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Making modular more than a temporary homeless fix

Modular housing has been gaining ground not only as a viable option to end homelessness, but also as a solution to multiple issues surrounding affordability.
Workers attach roofing at Metric Modular’s Agassiz facility. The company is helping advance the use of modular housing to improve housing affordability in the region | Submitted

Modular housing has been gaining ground not only as a viable option to end homelessness, but also as a solution to multiple issues surrounding affordability.

“We are seeing growth and opportunities for affordable housing as that is at the front of the news right now in most urban centres within British Columbia,” said Craig Mitchell, director of innovative solutions at Metric Modular.

The company, previously known as Britco, is one of North America’s largest modular-housing companies.

Metric Modular, No. 32 on Business in Vancouver’s Top 100 Manufacturers in Metro Vancouver list, was sold earlier this year, and the company split its business into two.

Leaving behind the rental component of the company, Metric focuses solely on manufacturing multi-family modular units and other commercial modular products like education facilities and hospitality venues.

“Our buildings are built at higher standards than site-built construction,” Mitchell said. “It’s the same thing as buying an Audi out of a manufacturing plant as opposed to someone building an Audi in their garage.”

There are four modular-housing projects in Vancouver. An upcoming project has been proposed for the parking lot in the 500-block of West 2nd Avenue off Cambie Street, and a pilot project has been operating at Terminal Avenue and Main Street for almost a year.

According to Mitchell, the affordability dilemma has put Metric Modular on the map, but the potential of modular housing is far greater than what’s been explored. While modular housing is a viable option to help combat homelessness, being closely associated with the issue has also been something of a thorn in Metric’s side.

“One of our main challenges is typically related to things such as perception,” Mitchell said. “We have a perception in the marketplace as being trailer builders versus high-quality home builders."

“Something from a manufacturing standpoint that people are now just getting their heads wrapped around is that this is a better way to build. Building things off-site results in timelines that are 30% to 40% faster than site-built construction, and from a production line standard, the quality in a production line is going to be far higher than something built out in the field.”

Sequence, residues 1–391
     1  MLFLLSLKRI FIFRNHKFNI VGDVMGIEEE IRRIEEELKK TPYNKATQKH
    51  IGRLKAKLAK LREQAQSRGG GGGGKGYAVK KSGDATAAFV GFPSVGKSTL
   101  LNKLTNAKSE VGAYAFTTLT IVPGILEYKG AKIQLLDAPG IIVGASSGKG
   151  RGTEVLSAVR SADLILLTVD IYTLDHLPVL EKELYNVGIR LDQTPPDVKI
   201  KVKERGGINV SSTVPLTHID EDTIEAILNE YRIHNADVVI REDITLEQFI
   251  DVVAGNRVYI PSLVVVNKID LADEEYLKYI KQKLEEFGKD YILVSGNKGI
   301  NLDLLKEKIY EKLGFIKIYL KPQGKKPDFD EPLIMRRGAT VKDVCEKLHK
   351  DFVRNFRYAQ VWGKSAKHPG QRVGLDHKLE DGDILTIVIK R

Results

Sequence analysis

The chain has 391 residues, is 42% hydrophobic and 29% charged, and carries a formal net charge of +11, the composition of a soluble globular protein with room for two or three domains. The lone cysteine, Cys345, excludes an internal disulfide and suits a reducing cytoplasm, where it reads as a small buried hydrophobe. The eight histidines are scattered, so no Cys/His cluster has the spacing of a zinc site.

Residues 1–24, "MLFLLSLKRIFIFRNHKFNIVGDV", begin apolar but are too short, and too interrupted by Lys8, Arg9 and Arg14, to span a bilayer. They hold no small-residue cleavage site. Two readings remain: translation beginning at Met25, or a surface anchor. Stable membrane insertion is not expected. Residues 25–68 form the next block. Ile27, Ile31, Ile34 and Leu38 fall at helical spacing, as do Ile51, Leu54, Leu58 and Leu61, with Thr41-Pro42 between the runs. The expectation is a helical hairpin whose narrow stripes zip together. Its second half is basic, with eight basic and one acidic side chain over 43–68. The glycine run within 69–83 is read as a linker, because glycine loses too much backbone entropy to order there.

The company owns two production facilities, one in Agassiz and one in Penticton, both with more than 100,000 square feet of manufacturing capability. Metric’s headquarters are in Langley, and the company employs more than 200 people.

Mitchell sees huge opportunities in a number of different areas such as the construction of modular hotels. Additionally, the company has started to focus on passive housing, which is built to rigorous energy efficiency standards. Because they use less energy, passive homes don’t need conventional heating and air conditioning.

“There are a lot of changes in building codes, which means higher-performance buildings are expected,” he said. “Building in a manufacturing facility makes it easier to obtain the standards required under performance building.”

Architect Michael Geller, president of Geller Group, said modular housing is an underused form of construction.

“Almost every day now, I hear about some new initiative in the world to build not just single-family houses but highrises using modular housing.”

Geller first suggested expanding the use of modular housing 10 years ago when he ran for city council, but he has been frustrated by what he called the City of Vancouver’s sluggish adoption of the idea.

“While temporary or relocated modular housing is being used for the homeless, there is no reason it can’t be used for housing young people who are not put off of the idea that not only might you move but the housing might move from one vacant land to the other.”

The need for student housing is often a contentious issue in the city as well, with young adults reluctantly accepting ill-suited spaces due to budget and time constraints.

Penny Gurstein, community and regional planning professor at the University of British Columbia, said construction methods for modular housing are continually evolving.

“There has been a lot of very interesting work in terms of the technology to make modular housing quite attractive,” Gurstein said. “This reduces the cost of construction significantly, and I know in other countries like China they are really developing this kind of technology.

“Architects and designers are now talking about this, that there is going to be this kind of major revolution in how buildings get built … through robotics and other things, so I think it is a really interesting time, and to be experimenting with this is very important.”